The State of Home Fire Safety in Massachusetts
Massachusetts recently achieved a remarkable milestone: 2020 was the state’s first year on record where no children died in fires. Children are typically at an increased risk of dying in home fires, so this news is especially encouraging. According to the state fire marshal, several changes contributed to the decrease in deaths—learn about these factors and make sure your family is protected, too.
Fire Safety Education
Child fire deaths in Massachusetts have dropped significantly since the Student Awareness of Fire Education (S.AF.E.) program began in 1996. Through this program, firefighters teach local students about preventing fires at home. Children learn the importance of installing and testing smoke alarms, following safety guidelines while cooking, and not playing with candles, matches, lighters, or tobacco products. Most critically, students are also taught what to do should a fire occur at home—learning to create, practice, and use fire escape plans rather than to hide within the home.
If an educational program like S.A.F.E. is not available in your area, make sure to teach your children about home fire safety. Work together as a family to create a home escape plan that includes multiple ways to exit each room, as well as a family meeting spot in a location which is close but at a safe distance from the house (e.g., the mailbox, the front yard of a neighbor’s home, etc.). Have mock fire drills to make sure everyone understands and remembers the plan.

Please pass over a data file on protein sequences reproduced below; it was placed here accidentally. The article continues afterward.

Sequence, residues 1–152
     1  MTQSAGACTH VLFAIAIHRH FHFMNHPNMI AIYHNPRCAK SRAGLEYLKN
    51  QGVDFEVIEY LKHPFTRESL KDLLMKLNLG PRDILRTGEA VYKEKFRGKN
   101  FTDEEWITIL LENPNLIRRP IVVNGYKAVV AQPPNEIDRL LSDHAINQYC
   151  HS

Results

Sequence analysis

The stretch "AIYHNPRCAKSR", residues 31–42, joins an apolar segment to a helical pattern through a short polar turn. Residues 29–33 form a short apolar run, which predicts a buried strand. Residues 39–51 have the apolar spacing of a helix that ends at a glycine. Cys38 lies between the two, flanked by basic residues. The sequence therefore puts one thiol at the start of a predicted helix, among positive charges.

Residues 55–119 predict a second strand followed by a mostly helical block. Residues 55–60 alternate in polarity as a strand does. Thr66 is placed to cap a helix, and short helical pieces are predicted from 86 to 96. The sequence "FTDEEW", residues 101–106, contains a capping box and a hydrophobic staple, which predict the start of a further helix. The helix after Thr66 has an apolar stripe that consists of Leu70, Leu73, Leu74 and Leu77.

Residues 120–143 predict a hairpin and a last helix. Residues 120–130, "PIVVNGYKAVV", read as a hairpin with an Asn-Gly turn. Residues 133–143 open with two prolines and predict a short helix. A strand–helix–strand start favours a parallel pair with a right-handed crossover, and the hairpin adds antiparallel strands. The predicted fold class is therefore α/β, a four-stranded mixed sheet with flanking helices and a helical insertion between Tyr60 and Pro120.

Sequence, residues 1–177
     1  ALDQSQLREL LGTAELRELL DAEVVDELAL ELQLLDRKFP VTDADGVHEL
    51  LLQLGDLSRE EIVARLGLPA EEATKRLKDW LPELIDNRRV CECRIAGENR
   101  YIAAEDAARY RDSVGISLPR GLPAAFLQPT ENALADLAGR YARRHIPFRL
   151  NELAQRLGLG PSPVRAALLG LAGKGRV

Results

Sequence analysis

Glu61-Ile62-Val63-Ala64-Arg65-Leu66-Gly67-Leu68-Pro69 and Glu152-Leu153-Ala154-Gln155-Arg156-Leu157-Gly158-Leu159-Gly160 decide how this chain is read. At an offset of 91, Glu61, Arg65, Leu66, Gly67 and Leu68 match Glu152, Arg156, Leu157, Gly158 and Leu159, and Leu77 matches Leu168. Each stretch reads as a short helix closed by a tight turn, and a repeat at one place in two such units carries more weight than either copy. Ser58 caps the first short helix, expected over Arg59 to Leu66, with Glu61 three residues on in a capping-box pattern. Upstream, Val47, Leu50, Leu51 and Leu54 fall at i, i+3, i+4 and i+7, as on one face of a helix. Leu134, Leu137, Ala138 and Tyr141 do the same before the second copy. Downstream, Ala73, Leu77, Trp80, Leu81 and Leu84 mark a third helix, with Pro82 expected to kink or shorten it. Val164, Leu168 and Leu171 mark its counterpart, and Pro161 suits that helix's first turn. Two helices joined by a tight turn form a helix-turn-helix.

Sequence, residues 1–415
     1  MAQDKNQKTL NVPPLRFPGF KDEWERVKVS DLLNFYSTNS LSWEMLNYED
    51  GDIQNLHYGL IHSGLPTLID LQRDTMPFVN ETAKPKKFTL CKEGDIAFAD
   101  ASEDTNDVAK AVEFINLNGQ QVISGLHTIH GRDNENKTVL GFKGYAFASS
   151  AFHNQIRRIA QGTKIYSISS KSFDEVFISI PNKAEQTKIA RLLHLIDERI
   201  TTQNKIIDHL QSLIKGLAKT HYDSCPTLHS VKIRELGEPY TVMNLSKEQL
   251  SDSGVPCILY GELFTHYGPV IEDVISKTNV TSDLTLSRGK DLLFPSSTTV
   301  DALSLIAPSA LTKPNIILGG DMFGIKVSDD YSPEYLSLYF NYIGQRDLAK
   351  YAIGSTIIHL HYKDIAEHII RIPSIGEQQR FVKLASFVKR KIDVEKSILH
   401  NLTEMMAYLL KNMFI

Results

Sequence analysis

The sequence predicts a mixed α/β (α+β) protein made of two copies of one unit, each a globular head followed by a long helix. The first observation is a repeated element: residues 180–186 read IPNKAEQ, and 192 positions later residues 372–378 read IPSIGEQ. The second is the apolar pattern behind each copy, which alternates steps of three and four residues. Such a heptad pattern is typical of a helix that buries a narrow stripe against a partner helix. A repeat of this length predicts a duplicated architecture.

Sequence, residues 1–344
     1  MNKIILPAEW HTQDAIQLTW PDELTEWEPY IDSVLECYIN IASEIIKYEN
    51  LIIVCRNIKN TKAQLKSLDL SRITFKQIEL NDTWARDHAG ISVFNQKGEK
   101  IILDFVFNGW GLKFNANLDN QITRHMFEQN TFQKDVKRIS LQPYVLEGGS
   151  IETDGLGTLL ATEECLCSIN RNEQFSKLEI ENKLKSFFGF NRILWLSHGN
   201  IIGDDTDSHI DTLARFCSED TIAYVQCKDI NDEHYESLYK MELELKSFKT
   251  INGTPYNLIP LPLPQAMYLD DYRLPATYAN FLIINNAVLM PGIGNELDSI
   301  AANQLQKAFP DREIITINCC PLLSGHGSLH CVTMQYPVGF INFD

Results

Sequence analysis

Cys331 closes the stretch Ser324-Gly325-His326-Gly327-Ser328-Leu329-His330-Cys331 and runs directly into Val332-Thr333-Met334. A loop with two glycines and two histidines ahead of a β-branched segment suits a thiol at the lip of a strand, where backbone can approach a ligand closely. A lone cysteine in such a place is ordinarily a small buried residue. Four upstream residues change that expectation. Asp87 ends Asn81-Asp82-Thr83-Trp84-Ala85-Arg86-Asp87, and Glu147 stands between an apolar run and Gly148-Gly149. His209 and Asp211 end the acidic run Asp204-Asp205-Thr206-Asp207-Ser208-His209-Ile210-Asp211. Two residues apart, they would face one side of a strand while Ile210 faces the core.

Home Fire Alarms
Another major contribution to the decrease in deaths: the installation of reliable home fire alarms. Of the 39 fire deaths among Massachusetts adults (age 18+), half occurred in homes without working smoke alarms.
Today’s home fire alarms are more sensitive and sophisticated than ever before, so they can give you extra minutes to escape at a time when every second is critical. At minimum, homes should have smoke alarms installed on each floor, and batteries should be changed twice per year. For the best protection possible, opt for an alarm system with battery backup and 24/7 monitoring.
While not expressly attributed to the decrease in fire deaths, lower rates of smoking are good news for everybody. Smoking remains the leading cause of residential fire deaths in the state.
If you are a smoker, there are many resources to help you quit or cut back. If possible, only smoke outdoors. If smoking indoors, use extreme vigilance to prevent fires—never smoke while feeling drowsy, and avoid smoking while on the couch, in bed, and near flammable items. And of course, take care to keep your lighter and matches out of the reach of children.